China says Australian ‘words and deeds’ to be blamed for bilateral dispute
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“The responsibility for causing the setback in Sino-Australian relations doesn’t lie with China at all.” Chinese Foreign Ministry spokesperson Zhao Lijian said at a media conference on Tuesday.

He added that “It is the Australian side, with its Cold War prejudice, that views China as a threat and has taken a series of wrong words and deeds against China, that caused the sharp decline in bilateral relations."

The remark came as a response to Australian Trade Minister Simon Birmingham’s recent comment, "The ball is very much in China's court to come to the table for that dialogue.”

Zhao listed three explanatory examples.

“First, Australia has blatantly violated the  basic norms for handling international relations. It has repeatedly taken wrong words and deeds on issues involving China’s core interests such as Hong Kong, Xinjiang, and Taiwan. The moves both grossly interfere with China's internal affairs and hurt Chinese people,” Zhao said.

“Second, some Australian officials slandered China about its so-called intervention and infiltration in Australia. They restricted the normal bilateral exchanges, and politicized and stigmatized the bilateral cooperation for no reason. Australia took the lead in banning Chinese companies from participating in the construction of Australia’s 5G network, rejected investment from Chinese companies and conducted arbitrary searches on Chinese journalists in Australia, in the name of national security. All of these actions have  seriously undermined mutual trust, deteriorate the relations, and restrict  the good momentum of bilateral cooperation,” Zhao said.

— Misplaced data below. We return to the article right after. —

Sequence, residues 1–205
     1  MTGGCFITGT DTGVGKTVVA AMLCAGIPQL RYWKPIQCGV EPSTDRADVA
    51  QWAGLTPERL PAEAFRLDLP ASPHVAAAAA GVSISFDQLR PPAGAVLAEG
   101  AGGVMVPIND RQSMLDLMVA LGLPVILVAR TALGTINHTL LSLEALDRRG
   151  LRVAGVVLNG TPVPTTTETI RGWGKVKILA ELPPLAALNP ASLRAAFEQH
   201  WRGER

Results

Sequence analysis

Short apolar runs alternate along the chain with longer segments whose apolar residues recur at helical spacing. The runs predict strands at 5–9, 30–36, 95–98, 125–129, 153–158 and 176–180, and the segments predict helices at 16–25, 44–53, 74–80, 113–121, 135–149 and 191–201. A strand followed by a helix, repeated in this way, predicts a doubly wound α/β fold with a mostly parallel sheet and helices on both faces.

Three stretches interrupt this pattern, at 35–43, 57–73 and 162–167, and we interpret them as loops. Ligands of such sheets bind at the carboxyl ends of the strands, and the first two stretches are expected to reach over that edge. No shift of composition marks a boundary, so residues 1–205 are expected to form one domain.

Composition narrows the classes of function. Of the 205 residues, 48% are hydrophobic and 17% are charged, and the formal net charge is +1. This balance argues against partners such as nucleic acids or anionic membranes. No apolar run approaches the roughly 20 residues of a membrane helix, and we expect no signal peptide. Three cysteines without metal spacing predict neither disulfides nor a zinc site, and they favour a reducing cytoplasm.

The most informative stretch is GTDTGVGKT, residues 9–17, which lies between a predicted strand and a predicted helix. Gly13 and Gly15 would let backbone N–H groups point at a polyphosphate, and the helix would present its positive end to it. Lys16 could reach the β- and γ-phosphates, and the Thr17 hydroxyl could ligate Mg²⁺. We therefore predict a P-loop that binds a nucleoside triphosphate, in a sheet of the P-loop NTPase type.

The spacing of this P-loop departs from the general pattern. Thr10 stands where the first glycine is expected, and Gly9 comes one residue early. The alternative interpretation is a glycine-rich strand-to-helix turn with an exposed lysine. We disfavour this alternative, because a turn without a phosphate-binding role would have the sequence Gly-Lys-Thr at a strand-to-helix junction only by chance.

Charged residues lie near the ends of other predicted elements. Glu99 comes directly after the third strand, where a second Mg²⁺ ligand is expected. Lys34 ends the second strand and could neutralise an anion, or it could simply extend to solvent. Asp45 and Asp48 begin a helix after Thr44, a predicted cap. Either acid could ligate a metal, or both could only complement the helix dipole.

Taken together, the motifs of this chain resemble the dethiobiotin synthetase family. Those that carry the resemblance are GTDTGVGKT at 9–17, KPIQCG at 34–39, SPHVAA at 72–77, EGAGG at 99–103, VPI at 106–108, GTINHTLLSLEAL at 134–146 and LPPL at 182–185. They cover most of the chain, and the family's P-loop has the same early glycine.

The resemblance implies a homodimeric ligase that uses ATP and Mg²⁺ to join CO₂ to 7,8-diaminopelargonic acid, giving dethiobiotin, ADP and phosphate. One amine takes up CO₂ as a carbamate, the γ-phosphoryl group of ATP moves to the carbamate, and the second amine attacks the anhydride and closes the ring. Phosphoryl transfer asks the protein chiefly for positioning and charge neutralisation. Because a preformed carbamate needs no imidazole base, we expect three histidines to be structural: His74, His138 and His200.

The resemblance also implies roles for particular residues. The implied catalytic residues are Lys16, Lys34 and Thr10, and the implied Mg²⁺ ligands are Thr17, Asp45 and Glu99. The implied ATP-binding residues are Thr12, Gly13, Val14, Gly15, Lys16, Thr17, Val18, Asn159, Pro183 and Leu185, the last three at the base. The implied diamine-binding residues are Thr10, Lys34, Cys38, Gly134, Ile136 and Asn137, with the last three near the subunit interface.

“Third,  Australia has also engaged in political manipulation on the pandemic by promoting the so-called 'independent international inquiry', which seriously interfered with international cooperation on pandemic prevention and control. ”

Zhao said that the timeline mentioned above was extremely clear, and many Australian experts are calling for their government to uphold a rational and fair attitude toward bilateral relations. “Australia's government should listen to its people and face up to the facts, rather than pushing the blame to China,” Zhao said.

Zhao stressed that China has always adhered to the Five Principles of Peaceful Coexistence, including non-interference in other countries’ internal affairs, while developing relations with other countries. China unswervingly follow the path of socialism with Chinese characteristics and respect the development paths chosen by other countries in accordance with their own national conditions. 

“China has always respected differences between China and Australia caused by different historical traditions, social systems, and development stages. The key is to properly balance and manage our relationship in a constructive way, instead of imposing its own ideas and will on us on the pretext of safeguarding its national interests and values,” Zhao added.

(Compiled by Yang Jiaqi)